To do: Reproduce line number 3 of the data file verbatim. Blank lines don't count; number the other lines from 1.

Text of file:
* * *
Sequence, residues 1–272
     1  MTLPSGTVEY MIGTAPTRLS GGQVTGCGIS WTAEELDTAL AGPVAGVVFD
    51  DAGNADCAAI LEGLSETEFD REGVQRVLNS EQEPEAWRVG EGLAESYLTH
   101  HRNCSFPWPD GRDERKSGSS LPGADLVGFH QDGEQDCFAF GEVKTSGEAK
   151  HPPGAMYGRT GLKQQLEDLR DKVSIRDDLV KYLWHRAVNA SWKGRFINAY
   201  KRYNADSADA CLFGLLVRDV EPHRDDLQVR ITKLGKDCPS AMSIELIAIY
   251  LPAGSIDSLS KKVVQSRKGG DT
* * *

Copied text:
    51  DAGNADCAAI LEGLSETEFD REGVQRVLNS EQEPEAWRVG EGLAESYLTH